There is no denying it. Social media can help make or break a business, especially a small-business startup. And one of the keys to success with social media is to get other people to share your content.
In fact, according to a study by Shareaholic, in 2014, social media shares drove more traffic to websites than did search engines.
Here are some tips on making your content sharable:
New York-based digital brand strategist Thierry Augustin advises clients to focus on three key factors when crafting their content experience. “Sharing happens when content is cohesive, consistent and compelling. Every touch point that serves as an extension of your business should have a unifier, usually found in the brand voice. Whether you’re communicating primarily via text, images or video, each platform should share a common thread,” says Augustin.
Share it yourself. Get the work out first yourself and others will follow your lead. Also, ask your readers/followers to share.
Make your content alluring by using strong headlines and images. And keep it short and simple. “If you want people to pass along items from your website or your web address itself, make sure that you keep the site short and to the point. Attention spans are short and people think and act on ‘content’ bites. You don’t want to ‘overload’ your website visitor with TMI (too much information),” advises Alan N. Canton, managing partner of NewMedia Create which creates websites.
Also, know who you are trying to reach with your content. “The success of social media is due to the ability to build trust remotely. Pushing a cohesive message at a regular pace keeps you available for customer interaction. And lastly, it should be compelling. If you’ve taken the time to create a target profile across the social networks your business engages in, then the marketing assets should resonate with a specific person. It should speak to their particular demographic, values and motivations. The more targeted, the increased likelihood of it being shared. There is also a greater chance of your site influencing a decision (for the sharer or someone else who may see the content) at the point of purchase. If you’ve kept these factors in mind when brainstorming, producing, scheduling and releasing content, revenue will be an organic byproduct,” Augustin points out.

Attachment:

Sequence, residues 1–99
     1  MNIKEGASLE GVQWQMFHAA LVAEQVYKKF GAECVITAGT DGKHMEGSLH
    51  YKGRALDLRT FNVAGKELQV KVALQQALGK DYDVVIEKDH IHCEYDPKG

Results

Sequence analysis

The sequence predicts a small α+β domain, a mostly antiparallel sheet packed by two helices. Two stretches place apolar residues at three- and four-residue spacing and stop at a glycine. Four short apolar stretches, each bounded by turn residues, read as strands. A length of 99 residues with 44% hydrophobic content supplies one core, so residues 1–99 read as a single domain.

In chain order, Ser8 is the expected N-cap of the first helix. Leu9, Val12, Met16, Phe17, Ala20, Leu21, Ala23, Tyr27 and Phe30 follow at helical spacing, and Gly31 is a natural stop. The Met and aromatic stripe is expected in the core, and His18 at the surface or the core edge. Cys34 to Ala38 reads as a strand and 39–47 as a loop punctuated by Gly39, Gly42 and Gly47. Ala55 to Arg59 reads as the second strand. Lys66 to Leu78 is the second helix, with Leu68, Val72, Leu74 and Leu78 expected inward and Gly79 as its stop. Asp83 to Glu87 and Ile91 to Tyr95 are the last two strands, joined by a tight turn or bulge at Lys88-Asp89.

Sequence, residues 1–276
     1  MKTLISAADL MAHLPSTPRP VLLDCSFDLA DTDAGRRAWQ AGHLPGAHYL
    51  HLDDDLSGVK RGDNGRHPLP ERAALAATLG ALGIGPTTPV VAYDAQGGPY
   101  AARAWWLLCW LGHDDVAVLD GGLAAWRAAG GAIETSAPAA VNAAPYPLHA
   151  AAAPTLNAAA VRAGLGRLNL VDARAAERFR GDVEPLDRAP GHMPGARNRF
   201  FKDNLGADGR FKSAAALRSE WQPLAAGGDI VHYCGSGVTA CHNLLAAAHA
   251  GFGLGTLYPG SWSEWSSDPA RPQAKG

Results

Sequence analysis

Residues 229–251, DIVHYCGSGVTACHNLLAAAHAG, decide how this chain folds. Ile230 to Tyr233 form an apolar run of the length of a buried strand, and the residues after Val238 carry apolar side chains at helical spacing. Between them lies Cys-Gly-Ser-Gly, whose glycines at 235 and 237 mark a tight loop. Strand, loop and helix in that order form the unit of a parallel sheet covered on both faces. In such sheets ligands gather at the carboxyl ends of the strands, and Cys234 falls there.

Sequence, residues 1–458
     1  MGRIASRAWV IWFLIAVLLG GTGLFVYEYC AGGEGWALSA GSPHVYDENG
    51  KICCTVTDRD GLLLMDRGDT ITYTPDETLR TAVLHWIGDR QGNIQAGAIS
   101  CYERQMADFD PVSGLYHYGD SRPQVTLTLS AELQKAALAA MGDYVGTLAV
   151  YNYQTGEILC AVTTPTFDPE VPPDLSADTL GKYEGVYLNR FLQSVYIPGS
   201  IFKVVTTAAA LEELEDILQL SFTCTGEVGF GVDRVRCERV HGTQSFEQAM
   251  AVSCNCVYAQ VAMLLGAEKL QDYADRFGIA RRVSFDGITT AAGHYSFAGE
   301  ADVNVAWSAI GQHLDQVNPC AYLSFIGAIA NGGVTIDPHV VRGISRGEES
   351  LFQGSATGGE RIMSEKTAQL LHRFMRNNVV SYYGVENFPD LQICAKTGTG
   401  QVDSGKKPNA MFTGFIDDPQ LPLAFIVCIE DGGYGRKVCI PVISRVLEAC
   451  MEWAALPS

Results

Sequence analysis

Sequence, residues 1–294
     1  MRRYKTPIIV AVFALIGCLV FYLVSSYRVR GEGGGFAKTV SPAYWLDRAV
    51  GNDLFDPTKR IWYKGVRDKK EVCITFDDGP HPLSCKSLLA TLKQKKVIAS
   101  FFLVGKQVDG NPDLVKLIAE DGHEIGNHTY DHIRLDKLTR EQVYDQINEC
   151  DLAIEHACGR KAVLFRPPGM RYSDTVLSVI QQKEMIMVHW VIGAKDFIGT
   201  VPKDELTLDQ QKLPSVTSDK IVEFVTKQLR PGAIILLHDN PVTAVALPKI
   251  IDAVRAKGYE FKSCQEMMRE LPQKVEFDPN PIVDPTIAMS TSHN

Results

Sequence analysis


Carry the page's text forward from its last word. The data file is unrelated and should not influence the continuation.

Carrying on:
You can get your content shared if you give people a reason to share. So “increase the pay off,” advises Rod Brown, COO of Oncelogix and Creator of the #LeadorLose Series. You do this, he says, by offering such incentives as discounts, specials and contests. “Include your customers. Let them feel that they’re a part of what you’re doing and they will share it,” suggests Brown.
Make sure to update your content regularly, And one way to do so is to feature posts by guest bloggers. Have evergreen content as well. “Create content that lives longer than a week… keep your message consistent and precise,” says Brown.
It’s also a good idea to let your followers know you appreciate them. Recognize your followers. “Give your customers personal shout outs, ask questions and create genuine dialogue,” says Brown.
Besides getting more exposure, having your content shared could lead to increased revenue as it could generate more customers.